So the burden of closure falls on the author, not the journal, and I think that is entirely reasonable. Still, I also appreciate the rejection letters. While many follow a standardized form, occasionally a notable one appears. For me, one this year came from a journal in which I’ve published twice, once on a topic kindred to the current piece. The editors acknowledged that historical relationship, emphasized how they valued it, and explained how close the editorial board came to authorizing an offer, but under rules requiring near-unanimity that this piece did not command.
Even among rejection letters that are fairly standardized, one notes how they are all cordial and professional, and sometimes inform or remind authors of the nature of the process and probabilities of placement. Following are sample rejection letters received, gratefully, these past few weeks. I’ve highlighted in bold some of what I consider interesting or useful information—in addition to the vital and helpful fact of rejection.
1. I am writing in response to your request for expedited review. We have had an opportunity to consider your article. Unfortunately, we are unable to accept it for publication. This year we expect to receive approximately two thousand submissions for consideration, but we are able to publish only a dozen. As a consequence, we find that we must reject many thoughtful and interesting pieces. Thank you again for submitting your article to us. We hope that you will give us the opportunity to consider any articles you write in the future.
2. Thank you for submitting your article. Unfortunately, we are unable to give you a publication offer. Because we receive nearly 2,000 submissions each year, we must turn away many fine articles. Please keep us in mind in the future when you are submitting work for publication.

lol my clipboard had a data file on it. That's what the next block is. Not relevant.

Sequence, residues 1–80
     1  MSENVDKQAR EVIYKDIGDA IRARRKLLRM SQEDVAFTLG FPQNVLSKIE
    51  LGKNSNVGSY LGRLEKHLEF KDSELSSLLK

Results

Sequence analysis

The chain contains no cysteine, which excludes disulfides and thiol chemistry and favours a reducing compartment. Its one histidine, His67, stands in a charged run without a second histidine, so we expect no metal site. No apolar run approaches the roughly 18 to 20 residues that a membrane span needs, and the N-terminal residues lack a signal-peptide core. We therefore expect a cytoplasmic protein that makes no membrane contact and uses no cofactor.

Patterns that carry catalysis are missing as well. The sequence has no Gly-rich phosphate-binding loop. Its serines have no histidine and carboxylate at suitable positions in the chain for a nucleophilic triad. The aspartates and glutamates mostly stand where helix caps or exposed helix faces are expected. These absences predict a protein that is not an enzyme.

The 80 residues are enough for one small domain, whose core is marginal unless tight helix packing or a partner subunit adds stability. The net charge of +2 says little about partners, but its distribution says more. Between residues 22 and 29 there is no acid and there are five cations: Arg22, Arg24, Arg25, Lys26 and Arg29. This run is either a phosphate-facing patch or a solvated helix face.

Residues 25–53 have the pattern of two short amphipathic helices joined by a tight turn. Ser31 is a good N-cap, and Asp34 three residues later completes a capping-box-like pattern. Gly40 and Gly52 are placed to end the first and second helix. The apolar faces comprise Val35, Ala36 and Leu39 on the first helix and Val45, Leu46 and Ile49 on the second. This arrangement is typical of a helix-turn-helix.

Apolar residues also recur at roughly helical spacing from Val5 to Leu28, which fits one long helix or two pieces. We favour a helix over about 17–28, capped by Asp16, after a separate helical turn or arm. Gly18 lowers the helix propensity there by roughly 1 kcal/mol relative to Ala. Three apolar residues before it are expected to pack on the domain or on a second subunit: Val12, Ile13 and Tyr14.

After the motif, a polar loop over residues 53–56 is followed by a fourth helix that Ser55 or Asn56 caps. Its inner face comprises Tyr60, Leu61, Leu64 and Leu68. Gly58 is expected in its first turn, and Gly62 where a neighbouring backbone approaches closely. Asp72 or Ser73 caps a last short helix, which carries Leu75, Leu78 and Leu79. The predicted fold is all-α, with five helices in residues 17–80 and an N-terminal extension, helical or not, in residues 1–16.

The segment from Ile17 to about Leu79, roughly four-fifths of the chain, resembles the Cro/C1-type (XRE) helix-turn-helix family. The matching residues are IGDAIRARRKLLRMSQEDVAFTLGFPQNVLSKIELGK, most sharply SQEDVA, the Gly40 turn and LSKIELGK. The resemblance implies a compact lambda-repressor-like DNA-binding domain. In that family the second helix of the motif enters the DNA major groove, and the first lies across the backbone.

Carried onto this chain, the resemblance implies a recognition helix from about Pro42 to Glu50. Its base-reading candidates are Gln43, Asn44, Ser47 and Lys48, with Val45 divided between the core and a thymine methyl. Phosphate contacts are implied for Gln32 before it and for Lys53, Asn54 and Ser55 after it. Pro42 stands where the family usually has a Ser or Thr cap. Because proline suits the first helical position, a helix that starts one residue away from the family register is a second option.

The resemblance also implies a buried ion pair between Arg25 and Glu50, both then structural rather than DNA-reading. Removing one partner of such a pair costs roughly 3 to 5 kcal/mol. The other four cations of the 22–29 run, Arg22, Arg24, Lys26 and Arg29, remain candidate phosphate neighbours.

3. Thank you very much for submitting your article. Unfortunately, we are unable to accept your piece for publication. Our journal publishes only four issues a year, but often receives hundreds of manuscripts every month. As such, we can only accept a slender fraction of the manuscripts we receive. We appreciate your submission and hope that you will continue to submit your work to us in the future.
4. Thank you for your submission. We have now completed our final review of your manuscript and unfortunately are unable to extend an offer of publication. The Review receives a large number of submissions and we are constrained by the limited number of pages we are able to publish. Frequently we must make the difficult decision to turn down an excellent piece of scholarship. We wish you the best of luck and look forward to your next submission.
5. Thank you for submitting your article. We receive many excellent submissions each year, and the selection process is very competitive. After careful consideration, we have decided not to publish your article. We wish you the best of luck, and look forward to reviewing your future submissions.